A farm fence builder came to give us quotes on one of the paddocks and, of course, we dragged him up to the arena to show him “the boys”. He loved it! A few days later he emailed and said, “It’s pretty amazing what you are able to do with them. Do you generally stick with the same routine for a while or do they respond better when you try to mix it up a bit?”

And I wrote back:

When I’m introducing something I’ll keep a routine surrounding the thing I’m teaching. That way the horse has things before and after that he is comfortable with and very proud of. For example, teaching the horse to back up: when the horse is travelling free around me and I call him in, I keep control of the speed with which the horse approaches me by asking for a big smile before the horse gets to me. He knows to halt, make a big smile and then he gets a treat. The horse is very comfortable with that series of “tricks”. He’s calm, happy and waiting to see what’s next.

I decided to teach the back up from the right side of the horse (because the bow is done with me on the left side and I didn’t want any confusion). With Zelador and Zeloso I did three things at once. 1: I said “baaaack” and 2. lightly touching the right side of the horse’s chest, hinting at a backward shift of weight, touching him softly several times. 3. I stroked the horse’s back with my left hand, starting just behind the withers and moving towards the croup.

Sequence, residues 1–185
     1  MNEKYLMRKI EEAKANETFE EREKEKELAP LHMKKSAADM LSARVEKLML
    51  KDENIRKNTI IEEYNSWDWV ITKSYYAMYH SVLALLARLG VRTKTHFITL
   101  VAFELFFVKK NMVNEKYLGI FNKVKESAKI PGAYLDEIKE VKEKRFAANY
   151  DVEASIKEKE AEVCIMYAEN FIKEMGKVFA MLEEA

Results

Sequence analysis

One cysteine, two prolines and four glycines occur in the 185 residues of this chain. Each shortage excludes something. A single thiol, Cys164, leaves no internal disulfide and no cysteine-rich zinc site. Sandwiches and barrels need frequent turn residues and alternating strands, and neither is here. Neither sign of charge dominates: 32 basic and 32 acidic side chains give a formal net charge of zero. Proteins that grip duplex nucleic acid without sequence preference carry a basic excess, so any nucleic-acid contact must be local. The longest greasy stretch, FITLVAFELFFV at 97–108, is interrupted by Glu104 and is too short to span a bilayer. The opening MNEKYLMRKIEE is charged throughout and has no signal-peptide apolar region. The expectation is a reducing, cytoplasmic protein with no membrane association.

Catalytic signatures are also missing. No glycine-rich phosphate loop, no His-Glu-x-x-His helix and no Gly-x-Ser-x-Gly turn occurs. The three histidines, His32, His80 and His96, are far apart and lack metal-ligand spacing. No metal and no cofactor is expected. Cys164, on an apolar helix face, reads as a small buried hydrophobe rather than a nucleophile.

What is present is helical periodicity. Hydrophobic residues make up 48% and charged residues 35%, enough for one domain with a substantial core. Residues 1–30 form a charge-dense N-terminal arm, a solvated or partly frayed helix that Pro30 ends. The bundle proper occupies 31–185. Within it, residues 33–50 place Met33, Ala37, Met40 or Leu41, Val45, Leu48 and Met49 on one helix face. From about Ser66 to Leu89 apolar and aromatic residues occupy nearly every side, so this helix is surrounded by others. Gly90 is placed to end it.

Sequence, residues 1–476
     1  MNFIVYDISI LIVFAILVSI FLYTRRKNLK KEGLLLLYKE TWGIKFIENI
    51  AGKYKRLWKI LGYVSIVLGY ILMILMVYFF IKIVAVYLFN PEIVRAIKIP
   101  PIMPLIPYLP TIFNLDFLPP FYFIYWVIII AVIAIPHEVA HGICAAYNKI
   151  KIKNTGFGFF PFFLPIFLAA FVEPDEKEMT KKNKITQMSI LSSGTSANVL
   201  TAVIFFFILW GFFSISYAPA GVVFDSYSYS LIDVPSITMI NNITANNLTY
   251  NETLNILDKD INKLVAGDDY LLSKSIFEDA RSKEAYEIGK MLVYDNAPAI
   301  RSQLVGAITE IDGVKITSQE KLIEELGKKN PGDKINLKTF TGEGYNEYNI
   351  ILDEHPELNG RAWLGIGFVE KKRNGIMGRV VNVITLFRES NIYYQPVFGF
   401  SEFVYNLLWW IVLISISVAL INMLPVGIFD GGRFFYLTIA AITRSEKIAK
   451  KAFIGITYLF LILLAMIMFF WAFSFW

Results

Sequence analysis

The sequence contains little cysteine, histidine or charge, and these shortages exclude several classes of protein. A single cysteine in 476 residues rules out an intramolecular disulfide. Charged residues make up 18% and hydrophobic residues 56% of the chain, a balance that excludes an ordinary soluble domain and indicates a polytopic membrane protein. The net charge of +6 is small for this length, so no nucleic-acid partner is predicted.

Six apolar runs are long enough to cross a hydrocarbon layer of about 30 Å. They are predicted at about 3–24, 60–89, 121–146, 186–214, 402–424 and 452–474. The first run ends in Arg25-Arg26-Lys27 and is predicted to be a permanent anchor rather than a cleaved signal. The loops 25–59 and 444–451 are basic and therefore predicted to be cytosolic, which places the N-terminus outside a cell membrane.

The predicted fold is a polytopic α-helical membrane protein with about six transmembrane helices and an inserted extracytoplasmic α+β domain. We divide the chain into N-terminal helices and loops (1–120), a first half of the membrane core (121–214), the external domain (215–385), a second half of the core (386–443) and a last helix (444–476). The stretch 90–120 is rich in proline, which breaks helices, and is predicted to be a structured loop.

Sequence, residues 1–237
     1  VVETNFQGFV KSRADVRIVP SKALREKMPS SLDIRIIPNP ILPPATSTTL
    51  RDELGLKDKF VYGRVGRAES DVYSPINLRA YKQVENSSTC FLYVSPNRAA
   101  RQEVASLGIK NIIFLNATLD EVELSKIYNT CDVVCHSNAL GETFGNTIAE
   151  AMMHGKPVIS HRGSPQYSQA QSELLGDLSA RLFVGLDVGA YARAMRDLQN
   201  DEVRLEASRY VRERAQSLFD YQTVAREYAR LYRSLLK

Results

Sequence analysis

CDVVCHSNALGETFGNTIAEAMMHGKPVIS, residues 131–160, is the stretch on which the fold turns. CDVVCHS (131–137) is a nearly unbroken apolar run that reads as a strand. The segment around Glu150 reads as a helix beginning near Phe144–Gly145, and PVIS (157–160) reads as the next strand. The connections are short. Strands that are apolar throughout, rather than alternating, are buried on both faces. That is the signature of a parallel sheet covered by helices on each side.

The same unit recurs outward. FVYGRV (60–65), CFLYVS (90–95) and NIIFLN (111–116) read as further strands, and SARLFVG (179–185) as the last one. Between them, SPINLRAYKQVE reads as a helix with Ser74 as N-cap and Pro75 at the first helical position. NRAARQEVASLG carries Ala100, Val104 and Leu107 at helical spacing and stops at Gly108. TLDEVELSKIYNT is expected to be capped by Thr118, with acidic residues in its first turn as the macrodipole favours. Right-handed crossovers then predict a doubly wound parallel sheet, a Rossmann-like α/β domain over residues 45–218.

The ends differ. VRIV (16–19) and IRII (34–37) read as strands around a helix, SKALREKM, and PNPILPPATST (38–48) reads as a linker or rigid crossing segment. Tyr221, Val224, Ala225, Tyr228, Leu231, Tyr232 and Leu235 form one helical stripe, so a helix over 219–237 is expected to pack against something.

With Pax and Kye the finger on the chest didn’t get a shift of weight backwards. Pax turned his head to me and his haunches away. Kye started pawing with his right front hoof! I  experimented a bit and learned that stroking both horses on the lower part of the right side of the neck from the middle of the next to the base elicited a backwards step.

For Zeloso and Zelador I sandwiched this trick between the liberty around me and the Spanish Walk. The backing up helped engage the hind end which facilitated the Spanish Walk.

With Pax and Kye I asked for a small liberty circle around me. They are both very comfortable with this.

I did this routine for a week or two (considering I usually only do liberty work two or three times a week for about ten minutes) the horse didn’t do the routine very often, but he quickly “got it”. Nowadays I might ask for the Spanish Walk after the back up and I might not. Also, if I ask the horse to back up and he can’t focus and do it, then I know he needs more forward moving work to get the kinks out so that he can focus. When he does back up I know that I can do everything the horse knows.

I do mix things up when the trick I ask for is established.

When I stop to think about it, the horse is very good at figuring out what I want. He doesn’t get worried and wonder what I want and offer up things frantically.

Earlier this autumn I heard on the radio that environment Canada predicted a warmer than normal winter. Yesterday the announcer on the radio said a COLDER than normal winter with dryer conditions. This morning it’s minus sixteen. I’m thinking we’ll be doing quite a bit of liberty work in the next months!!!! (As opposed to freezing in the saddle.)